Invasive Plants in Northern Virginia: Multiflora Rose

By Elaine Mills, Extension Master Gardener

Multiflora rose flowers.
Photo © University of Missouri, Division of Plant Sciences

Another “top ten” invasive plant in Arlington County is multiflora rose (Rosa multiflora), a perennial shrub introduced to the United States from Asia in the 1860s as rootstock for ornamental roses. It was subsequently recommended by state conservation departments to provide erosion control, provide cover for wildlife, serve as an economical “living fence” to confine livestock, and provide a buffer for highway medians. It has since escaped from these plantings and now poses a serious problem throughout the eastern half of the United States.

Fruit of the mutliflora rose.
Photo © Sarah Archer

The long, arching stems of multiflora rose allow it to climb over other plants, and it can grow as much as 1 to 2 feet per week to form impenetrable thorny thickets in abandoned pastures, roadsides, forest edges, and open woods. The plant has compound leaves and abundant clusters of showy white flowers from April to June. Bright red rose hips, each containing 6 to 12 seeds, develop in the summer and remain through the winter. This invasive alien can be distinguished from desirable native rose species by its flowers, which are white rather than pink, and by the fringed stipules at the base of its leaf petioles.

Multiflora Rose thicket
Photo © Lisa Galbraith, PSU

Multiflora rose aggressively colonizes natural areas via seeds and vegetative reproduction. One plant can produce up to 500,000 seeds, which are distributed over long distances when birds such as robins, cedar waxwings, and cardinals consume the fruit. These seeds remain viable in soil for 10 to 20 years. The shrub can also spread through layering which occurs when cane tips touch the ground and grow roots to form new plants. In this manner, a single rose seedling can produce a patch more than 33 feet in diameter. Other advantages over potential competitors are the plant’s early leafing in the spring and its vigorous root system that can persist for many years.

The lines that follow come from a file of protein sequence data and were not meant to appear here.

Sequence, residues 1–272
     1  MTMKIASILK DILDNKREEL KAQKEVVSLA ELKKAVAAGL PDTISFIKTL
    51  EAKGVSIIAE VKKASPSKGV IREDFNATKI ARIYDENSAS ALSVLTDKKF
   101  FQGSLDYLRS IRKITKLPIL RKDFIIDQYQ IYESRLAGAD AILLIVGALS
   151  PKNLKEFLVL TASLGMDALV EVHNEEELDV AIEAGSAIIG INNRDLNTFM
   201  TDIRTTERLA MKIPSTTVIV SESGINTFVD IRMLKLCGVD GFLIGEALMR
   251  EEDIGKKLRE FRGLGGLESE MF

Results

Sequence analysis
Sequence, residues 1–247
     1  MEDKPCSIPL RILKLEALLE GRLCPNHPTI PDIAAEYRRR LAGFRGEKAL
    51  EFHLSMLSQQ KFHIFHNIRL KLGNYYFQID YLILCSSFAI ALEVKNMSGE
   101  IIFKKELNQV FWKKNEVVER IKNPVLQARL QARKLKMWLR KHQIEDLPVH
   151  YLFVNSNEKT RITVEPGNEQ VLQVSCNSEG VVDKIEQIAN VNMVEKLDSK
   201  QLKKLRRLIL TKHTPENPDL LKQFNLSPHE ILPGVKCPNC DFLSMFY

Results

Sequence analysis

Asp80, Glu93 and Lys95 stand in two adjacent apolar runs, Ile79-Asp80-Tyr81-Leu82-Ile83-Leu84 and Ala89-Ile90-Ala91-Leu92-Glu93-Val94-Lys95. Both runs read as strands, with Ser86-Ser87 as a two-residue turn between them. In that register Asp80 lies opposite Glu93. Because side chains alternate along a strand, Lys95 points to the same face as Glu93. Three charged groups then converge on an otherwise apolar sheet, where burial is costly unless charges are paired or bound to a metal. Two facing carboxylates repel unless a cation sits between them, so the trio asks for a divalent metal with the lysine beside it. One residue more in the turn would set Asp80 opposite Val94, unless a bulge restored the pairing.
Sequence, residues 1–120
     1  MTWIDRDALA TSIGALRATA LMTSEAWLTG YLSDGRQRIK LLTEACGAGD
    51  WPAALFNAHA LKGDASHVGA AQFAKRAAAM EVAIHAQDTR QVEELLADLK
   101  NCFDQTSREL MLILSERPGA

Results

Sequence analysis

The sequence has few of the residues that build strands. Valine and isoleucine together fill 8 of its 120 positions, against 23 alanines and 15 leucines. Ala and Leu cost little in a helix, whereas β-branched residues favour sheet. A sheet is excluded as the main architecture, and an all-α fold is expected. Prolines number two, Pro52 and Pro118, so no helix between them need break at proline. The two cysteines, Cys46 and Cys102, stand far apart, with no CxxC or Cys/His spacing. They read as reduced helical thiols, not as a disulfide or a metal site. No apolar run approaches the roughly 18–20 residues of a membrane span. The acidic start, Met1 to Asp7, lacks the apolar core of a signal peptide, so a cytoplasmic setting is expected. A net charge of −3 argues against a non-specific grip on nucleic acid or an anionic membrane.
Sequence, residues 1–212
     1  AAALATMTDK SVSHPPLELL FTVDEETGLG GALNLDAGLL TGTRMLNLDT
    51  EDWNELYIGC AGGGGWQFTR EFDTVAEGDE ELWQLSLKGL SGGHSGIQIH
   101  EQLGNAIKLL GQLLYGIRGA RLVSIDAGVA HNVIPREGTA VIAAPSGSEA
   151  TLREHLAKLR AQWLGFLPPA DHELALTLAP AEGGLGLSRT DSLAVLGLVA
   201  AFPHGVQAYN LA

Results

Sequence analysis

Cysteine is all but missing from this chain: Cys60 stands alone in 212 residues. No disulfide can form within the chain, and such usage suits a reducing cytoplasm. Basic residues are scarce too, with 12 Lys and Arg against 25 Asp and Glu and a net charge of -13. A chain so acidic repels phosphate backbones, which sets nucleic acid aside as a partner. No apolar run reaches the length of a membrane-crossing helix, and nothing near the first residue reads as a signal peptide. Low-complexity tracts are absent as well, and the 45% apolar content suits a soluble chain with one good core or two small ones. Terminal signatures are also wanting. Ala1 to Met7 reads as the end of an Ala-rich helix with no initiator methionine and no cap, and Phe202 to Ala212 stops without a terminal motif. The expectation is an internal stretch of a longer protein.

This invasive plant can be difficult to control, but several mechanical and chemical methods are recommended. Biological control programs using disease and seed predators are currently being investigated. For more details, see the related fact sheet, Least Wanted: Multiflora Rosa by the Plant Conservation Alliance’s Alien Plant Working Group.


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